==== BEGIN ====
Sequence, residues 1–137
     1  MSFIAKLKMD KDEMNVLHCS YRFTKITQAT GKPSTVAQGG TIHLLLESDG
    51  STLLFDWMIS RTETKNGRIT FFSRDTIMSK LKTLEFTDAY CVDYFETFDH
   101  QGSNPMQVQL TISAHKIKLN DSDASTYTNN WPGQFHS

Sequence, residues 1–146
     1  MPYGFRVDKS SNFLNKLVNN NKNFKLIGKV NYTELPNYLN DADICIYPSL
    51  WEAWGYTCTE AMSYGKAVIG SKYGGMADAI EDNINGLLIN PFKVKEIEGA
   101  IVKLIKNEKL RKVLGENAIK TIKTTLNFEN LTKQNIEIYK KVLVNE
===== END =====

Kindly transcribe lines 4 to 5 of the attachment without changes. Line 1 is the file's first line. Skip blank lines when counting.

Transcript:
   101  QGSNPMQVQL TISAHKIKLN DSDASTYTNN WPGQFHS

Sequence, residues 1–146